Researchers at Swansea University have completed the world’s largest study of the link between facial scarring and anxiety and depression.
Professor Iain Whitaker and his colleagues (pictured above) found that people with facial scars are more likely to suffer from anxiety and depression compared to the wider population.
The research showed that there are some key factors that influence how often people with facial scars experience these common mental health issues:
- Anxiety and depression are most prevalent among people whose scars came from self-harm, assault, or traumatic injuries like burns.
- People whose scars came from congenital conditions are the least likely to be treated for anxiety and depression.
- Women, people with a history of poor mental health, and people experiencing deprivation are also at a higher risk.
The study, Assessing the burden oF Facial scarring and associated mEntal health Conditions to identify patients at greatesT risk – known as AFFECT – was funded by The Scar Free Foundation and Health and Care Research Wales. The headline research of the AFFECT study has just been published by respected psychiatry journal, BJPsychOpen.
The researchers used Swansea University’s SAIL Databank as the basis for their analysis. Using health data from Wales, they found 179,079 people with facial scars. These records were matched by socio-economic status, age of facial scarring, and sex to the same number of people without scars.
The GP records of these matched pairs were compared to figure out how many people with facial scars and without facial scars were treated for anxiety and depression.
The findings could change how patients with facial scars are supported.
Professor Whitaker, from the University’s Medical School and Lead Investigator on the AFFECT Study said: “I’ve been a plastic surgeon for 20 years, and I see a huge number of patients that need to have cancers on their face removed, or who have facial injuries. Every surgery leaves a scar but currently, there is an absence of psychological support for patients.
“It’s important to me as a doctor that I know the repercussions of treatment on my patients beyond the immediate physical effects. I want to give my patients better information and a better patient experience. I hope this research leads to a more robust system of mental health support for patients with facial scars.”
Lead Scar Free Ambassador Simon Weston said: “Since the age of 20, I have had to live with my scars. In the early days, the abrupt change in the course of my life caused severe psychological challenges. Not only did I suffer with PTSD, I sank into depression, worrying if I could ever have a normal life again and if I would be able to have a family. But my family and friends were my support network, there was a great deal of strength and love which pushed me forward. It didn’t happen overnight – there was a huge transition to go through and I had to learn to like myself, the person that I was, and ultimately I did.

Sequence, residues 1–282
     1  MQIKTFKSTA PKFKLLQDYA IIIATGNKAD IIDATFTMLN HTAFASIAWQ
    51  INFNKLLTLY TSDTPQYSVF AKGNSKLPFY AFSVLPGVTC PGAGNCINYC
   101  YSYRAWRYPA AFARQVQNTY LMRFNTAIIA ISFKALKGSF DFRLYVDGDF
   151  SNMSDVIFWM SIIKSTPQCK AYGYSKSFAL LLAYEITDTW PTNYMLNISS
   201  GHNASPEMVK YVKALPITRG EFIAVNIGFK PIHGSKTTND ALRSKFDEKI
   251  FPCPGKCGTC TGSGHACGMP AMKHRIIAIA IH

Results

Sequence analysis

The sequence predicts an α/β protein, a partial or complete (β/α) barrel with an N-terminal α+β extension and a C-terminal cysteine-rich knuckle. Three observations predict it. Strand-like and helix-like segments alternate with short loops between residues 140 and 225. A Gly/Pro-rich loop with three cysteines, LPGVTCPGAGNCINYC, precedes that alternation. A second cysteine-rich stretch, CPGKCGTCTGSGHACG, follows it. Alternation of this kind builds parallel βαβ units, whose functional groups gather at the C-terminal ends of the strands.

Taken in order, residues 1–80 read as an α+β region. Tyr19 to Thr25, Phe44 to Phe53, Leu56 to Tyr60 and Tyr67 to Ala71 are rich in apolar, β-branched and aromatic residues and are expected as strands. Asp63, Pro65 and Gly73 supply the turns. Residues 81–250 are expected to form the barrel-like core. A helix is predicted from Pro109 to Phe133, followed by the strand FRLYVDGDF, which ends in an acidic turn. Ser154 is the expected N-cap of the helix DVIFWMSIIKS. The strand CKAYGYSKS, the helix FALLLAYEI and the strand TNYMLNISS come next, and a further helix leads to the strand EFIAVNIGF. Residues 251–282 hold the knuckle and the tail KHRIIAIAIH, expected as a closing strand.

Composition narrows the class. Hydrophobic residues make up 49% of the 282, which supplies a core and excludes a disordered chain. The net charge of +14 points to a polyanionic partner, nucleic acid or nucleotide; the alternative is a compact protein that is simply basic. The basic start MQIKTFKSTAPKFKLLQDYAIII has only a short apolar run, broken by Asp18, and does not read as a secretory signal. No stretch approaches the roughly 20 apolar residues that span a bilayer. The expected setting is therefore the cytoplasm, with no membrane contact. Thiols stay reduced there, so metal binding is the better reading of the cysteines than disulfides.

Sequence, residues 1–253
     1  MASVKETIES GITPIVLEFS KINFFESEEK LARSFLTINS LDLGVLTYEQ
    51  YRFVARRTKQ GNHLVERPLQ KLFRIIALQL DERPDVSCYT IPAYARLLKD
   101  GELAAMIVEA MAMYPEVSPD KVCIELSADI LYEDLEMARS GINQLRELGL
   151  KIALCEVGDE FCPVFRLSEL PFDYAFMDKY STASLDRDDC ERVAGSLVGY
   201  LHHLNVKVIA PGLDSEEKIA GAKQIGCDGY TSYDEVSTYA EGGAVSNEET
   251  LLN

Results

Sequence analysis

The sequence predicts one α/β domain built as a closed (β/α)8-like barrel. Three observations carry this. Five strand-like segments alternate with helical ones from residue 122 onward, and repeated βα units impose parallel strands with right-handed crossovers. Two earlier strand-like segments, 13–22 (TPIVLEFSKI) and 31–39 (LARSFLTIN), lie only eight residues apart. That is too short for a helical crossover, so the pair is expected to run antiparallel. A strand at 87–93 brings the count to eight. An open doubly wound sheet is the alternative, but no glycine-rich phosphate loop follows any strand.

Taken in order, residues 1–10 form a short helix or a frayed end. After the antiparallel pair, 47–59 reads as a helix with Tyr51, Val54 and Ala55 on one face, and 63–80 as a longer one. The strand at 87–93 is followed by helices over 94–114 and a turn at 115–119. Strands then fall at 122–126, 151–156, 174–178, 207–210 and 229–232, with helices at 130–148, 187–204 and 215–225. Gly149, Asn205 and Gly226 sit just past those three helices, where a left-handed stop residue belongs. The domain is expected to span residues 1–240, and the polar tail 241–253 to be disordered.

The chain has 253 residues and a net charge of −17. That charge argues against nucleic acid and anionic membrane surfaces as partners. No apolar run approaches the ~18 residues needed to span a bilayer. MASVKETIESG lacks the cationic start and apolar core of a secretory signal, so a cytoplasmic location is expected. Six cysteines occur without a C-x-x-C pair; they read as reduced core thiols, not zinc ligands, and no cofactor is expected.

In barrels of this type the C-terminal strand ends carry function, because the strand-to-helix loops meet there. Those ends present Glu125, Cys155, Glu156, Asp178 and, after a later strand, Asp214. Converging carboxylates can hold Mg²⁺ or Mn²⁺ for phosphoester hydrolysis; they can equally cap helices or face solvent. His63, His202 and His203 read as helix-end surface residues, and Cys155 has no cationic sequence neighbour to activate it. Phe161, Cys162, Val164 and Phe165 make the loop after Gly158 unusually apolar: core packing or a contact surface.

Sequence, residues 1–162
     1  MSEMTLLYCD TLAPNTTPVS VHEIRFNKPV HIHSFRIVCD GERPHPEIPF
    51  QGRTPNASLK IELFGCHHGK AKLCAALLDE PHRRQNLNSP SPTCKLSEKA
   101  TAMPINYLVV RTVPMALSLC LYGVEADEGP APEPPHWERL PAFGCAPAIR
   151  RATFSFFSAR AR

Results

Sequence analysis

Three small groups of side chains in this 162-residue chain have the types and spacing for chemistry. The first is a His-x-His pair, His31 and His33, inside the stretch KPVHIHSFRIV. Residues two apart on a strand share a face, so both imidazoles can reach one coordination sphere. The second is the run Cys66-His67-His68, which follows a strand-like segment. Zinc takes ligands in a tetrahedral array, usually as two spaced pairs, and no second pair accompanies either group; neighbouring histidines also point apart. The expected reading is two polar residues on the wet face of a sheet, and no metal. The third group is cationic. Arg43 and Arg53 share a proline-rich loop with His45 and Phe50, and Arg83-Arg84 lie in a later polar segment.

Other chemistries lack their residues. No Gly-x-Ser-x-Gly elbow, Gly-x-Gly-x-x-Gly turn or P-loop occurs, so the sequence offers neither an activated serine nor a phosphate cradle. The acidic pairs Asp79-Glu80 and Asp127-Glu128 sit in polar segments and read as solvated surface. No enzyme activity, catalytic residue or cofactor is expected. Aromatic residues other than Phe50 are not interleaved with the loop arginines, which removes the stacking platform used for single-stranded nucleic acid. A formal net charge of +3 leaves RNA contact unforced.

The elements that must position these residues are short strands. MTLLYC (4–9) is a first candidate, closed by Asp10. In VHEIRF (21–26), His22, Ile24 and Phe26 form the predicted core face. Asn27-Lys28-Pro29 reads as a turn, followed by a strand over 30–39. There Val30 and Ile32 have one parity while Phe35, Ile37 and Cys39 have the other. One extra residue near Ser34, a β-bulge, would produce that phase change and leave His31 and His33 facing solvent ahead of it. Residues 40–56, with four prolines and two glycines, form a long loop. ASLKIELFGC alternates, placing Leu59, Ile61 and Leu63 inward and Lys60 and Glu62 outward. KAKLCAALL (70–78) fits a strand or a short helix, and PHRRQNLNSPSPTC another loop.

“The work that The Scar Free Foundation and the team at Swansea University is fantastic. This has been a long time coming. I am passionate about the issue of scarring, and want people with these kinds of visual differences to be accepted in society. People with scarring are real people who just want to be treated as equals.
“Nowadays I’m not affected by the offensive things some people say. I’m very comfortable in my own skin and want others to be too. Hopefully the steps the team is taking will really help with this.”
Dr Jaco Nel, Scar Free Ambassador and sepsis survivor added: “From my own experience as both a psychiatrist and someone living with scars, I know there’s very little psychological support built in to help people with scarring, especially in the early days.
“This study shows how important it is for patients to be offered good psychological support throughout their journey. The illness or event that leads to a facial scar is often fleeting, but our scars will be with us forever. I hope studies like this spur change so that in the future, people living with facial scars can live their lives without shame or anxiety.”
Michael Bowdery, Head of Programmes at Health and Care Research Wales, said: “One in 100 people in the UK have a significant facial difference. Understanding the association between facial scarring and mental health will help us devise strategies to address people’s needs.
“The full programme of research taking place at The Scar Free Foundation/Health and Care Research Wales Programme of Facial Reconstruction and Regeneration Research at Swansea University, also includes the BioFace project, which advances the development of 3D bio printed facial cartilage (ears and noses) for people born without body parts or live with facial scarring. Another part of the programme is RESECT project which explores patient experience and service redesign for people with skin cancer.
“We are proud of our collaboration with the Scar Free Foundation and excited for the future of scar free research.”